Nearly 10 months into the Russian invasion of Ukraine, people are in need of heroes to keep their morale up. After the “Ghost of Kyiv” captured the public imagination early in the war, another one has recently emerged.
At a military checkpoint on a road that leads to the outskirts of Kyiv, a 25-year-old man in uniform is the center of attention. Nicknamed “Kipish” – a Ukrainian moniker that means “restless” – he proudly poses for the camera alongside his fellow soldiers. In his hand, he holds one of the fins of a Russian missile that he claims to have shot down with a submachine gun.
On the morning of Friday, December 16, Russian forces launched 76 missiles at Kyiv and the surrounding area – one of the fiercest bombardments that the invaders have yet deployed. According to Ukrainian authorities, 60 of these projectiles were shot down.
It was after 9am when the first missile was heard, says Evgeni, 50, the section commander. When the sirens sounded, the unit set up defensive positions. However, apart from their guns, they had no armored vehicles or heavy weapons. A single machine gun was the best tool available – it was set up on a rectangular wooden board, supported by some barrels. A very makeshift position, which makes the rest of the story even more surprising.
Kipish – whose real name is not being disclosed for security reasons – was born in Kyiv. His only military experience has taken place over the past 10 months. Following the invasion, he enlisted in the Territorial Defense Forces and was deployed to the outskirts of the capital.
He felt a sense of calm when his superiors gave him the order to pull the machine gun’s trigger, when a second missile was soaring overhead.
“I started shooting with tracer bullets… after two seconds, it fell,” he acknowledged after the incident. When asked if he felt anything, he answers with one word: “Fear.” He thought that, given the short distance between the gun and the missile, he was going to be hit by the explosion. But he got away without a scratch. “We are alive,” he said.
A couple of hours later, a bomb squad swarmed around the remains of the missile, which was split in two, lying in some bushes in a snowy field, just a few hundred feet away from the local power plant. A 39-year-old soldier named Vira – which means “faith” in Ukrainian – recounted how she squatted next to the wreckage, trying to read the numbering that had been deliberately erased from the fuselage, to make it more difficult to trace the missile’s origin.
Despite the proximity of the plant, the mist and sleet were so thick that you could barely see the smoke. Kipish and his fellow troops are on duty at a checkpoint located next to the populous neighborhood of Troieshchina, on the left bank of the frozen Dnieper River. Everything points to the fact that the missile’s target was the power plant.
But is it really possible to shoot down a cruise missile with a machine gun? The soldiers don’t pretend that this was anything other than a miracle. In fact, they feel a certain obligation to accompany their story with evidence. They guide reporters to the exact point where the remnants of the missile fell.
“This is a one-in-a-million event,” says Jesús Manuel Pérez Triana, a Spanish analyst specializing in military affairs. But when he sees the photographs of the downed missile – left practically intact – he does not consider the feat to be unreasonable. He explains that the impact of a 7.62-millimeter round can leave “a hole the size of a finger.” It is not, therefore, necessary to cause major damage – a little bit can do the trick. In addition, he adds, these particular missiles “fly low and are relatively slow. It’s possible to hit them with a machine gun… if you’re lucky.”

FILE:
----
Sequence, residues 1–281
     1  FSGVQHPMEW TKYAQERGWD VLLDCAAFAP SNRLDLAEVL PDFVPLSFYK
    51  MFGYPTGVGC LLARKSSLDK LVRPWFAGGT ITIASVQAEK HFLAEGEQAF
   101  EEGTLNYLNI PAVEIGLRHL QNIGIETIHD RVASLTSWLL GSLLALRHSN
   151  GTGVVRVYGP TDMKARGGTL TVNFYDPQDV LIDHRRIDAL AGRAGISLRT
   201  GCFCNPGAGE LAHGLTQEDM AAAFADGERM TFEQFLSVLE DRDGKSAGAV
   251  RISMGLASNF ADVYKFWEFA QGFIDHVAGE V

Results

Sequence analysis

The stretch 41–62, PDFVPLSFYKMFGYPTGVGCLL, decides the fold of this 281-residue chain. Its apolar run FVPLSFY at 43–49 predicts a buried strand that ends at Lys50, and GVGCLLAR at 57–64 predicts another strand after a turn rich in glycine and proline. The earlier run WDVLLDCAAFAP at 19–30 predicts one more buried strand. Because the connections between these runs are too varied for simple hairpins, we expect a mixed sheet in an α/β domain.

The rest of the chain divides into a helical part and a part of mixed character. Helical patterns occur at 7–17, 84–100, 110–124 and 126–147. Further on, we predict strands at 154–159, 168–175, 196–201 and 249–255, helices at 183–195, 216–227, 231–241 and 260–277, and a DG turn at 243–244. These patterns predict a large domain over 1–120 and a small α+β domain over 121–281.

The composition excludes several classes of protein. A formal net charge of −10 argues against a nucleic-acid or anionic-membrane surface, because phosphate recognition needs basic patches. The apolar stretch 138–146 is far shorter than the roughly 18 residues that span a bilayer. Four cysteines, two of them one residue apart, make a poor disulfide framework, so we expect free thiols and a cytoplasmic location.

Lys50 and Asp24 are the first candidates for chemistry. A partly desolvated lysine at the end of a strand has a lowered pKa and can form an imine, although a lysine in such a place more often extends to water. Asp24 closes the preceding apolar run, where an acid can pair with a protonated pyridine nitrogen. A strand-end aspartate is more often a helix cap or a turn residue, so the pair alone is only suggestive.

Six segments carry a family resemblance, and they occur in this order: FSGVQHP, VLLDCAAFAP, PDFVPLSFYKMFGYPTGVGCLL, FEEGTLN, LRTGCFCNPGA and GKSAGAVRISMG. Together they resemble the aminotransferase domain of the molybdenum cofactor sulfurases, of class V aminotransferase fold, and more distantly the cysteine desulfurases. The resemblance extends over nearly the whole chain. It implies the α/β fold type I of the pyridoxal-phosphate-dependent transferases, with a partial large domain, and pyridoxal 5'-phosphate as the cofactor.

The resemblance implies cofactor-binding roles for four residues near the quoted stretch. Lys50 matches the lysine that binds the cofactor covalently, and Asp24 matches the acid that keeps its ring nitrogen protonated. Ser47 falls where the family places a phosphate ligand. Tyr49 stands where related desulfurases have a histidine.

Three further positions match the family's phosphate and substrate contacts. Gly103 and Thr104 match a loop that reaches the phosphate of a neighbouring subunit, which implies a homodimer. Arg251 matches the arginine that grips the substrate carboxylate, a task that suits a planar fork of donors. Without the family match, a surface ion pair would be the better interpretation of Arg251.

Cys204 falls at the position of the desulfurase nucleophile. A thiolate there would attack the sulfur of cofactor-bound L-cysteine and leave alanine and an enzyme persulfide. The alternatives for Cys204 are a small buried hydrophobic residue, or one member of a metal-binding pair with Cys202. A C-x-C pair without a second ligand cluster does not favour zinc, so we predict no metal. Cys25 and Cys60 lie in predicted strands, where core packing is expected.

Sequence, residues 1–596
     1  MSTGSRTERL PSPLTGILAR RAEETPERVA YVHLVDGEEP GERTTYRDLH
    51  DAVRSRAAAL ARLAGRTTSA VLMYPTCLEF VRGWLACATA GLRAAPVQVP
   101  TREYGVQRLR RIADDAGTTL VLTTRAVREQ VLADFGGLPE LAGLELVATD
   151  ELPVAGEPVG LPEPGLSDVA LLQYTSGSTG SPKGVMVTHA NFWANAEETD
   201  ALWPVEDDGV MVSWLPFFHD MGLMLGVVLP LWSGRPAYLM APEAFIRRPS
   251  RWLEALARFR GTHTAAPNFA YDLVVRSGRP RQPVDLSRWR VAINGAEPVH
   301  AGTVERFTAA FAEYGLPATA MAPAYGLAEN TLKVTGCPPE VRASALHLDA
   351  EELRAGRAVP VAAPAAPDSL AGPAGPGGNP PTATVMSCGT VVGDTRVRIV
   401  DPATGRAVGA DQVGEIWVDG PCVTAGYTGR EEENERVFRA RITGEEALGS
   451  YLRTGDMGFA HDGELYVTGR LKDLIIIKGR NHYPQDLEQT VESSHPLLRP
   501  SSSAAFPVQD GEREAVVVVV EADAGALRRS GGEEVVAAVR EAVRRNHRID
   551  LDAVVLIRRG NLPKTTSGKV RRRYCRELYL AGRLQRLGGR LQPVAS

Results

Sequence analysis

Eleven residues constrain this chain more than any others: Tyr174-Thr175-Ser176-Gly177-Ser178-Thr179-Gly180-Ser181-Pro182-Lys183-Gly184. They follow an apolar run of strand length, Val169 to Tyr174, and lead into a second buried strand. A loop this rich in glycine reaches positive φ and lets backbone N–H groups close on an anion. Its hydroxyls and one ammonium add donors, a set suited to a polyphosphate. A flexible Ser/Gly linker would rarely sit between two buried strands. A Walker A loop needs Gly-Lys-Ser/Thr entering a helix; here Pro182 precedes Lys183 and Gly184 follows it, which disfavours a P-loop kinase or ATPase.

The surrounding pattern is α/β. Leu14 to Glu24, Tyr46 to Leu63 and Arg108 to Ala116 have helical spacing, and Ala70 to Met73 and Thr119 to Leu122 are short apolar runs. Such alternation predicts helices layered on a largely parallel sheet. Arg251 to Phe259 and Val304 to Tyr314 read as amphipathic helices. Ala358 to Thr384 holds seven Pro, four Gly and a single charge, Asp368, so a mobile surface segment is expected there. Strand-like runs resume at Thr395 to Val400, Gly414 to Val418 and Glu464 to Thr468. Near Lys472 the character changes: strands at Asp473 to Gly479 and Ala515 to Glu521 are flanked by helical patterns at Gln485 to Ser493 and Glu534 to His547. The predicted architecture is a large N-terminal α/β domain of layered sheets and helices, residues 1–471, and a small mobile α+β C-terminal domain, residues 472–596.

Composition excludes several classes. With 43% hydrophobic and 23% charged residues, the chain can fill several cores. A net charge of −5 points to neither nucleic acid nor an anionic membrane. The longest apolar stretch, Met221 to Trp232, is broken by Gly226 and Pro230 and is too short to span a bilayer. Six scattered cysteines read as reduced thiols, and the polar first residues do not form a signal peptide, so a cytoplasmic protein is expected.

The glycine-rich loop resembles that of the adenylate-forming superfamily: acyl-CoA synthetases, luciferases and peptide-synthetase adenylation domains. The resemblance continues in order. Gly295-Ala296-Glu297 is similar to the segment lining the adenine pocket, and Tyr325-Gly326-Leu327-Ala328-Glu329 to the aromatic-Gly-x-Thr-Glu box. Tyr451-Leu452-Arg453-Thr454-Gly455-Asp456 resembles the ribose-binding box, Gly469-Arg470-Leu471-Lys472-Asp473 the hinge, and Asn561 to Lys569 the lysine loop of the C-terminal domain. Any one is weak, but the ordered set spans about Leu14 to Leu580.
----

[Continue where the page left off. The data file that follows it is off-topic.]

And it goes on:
After the attacks on Friday, Ukrainian president Volodymyr Zelenskiy warned that Russian forces “still have enough missiles for several such heavy strikes. We have enough determination and self-belief to return our own after these blows.” He went on to congratulate his soldiers, especially “the fighters of the 96th anti-aircraft missile brigade, which protect Kyiv region.”
Kipish does not consider himself to be special. “My family gives me the strength to fight,” he said, referring to his mother, brothers and sisters. He also has a girlfriend – although he admits that he hasn’t been able to tell her anything yet.
“The best reward will be that all of this ends,” he sighs. Evgeni, the commander, emphasizes that his solder – who is a skillful shooter – is, even if he will not admit it, “a hero.”
The units protecting the power plant admit that they have more morale than they have weapons and ammunition. Most joined the battle against Russia with little previous military experience. This is the case of Basil, 22, originally from Avdiivka, in the eastern region of Donetsk. There, he played for a local youth soccer team, Shakhtar, before settling in Kyiv to work as a laborer. Next to him stands an army veteran, although before the invasion he hadn’t seen military service for many years and was working as a train driver.
Gera – one of the unit’s senior members – appreciates all the help that his country is receiving from overseas. He assures the press that they never switch off, because the danger is ever-present. Proof of this, he says, is that the bombing on Friday morning did not catch them off-guard. But he stresses, over and over again, that Ukrainian forces need more weapons: machine guns like the one that Kipish fired are not enough. “Weapons... and tobacco,” he adds with a smile.
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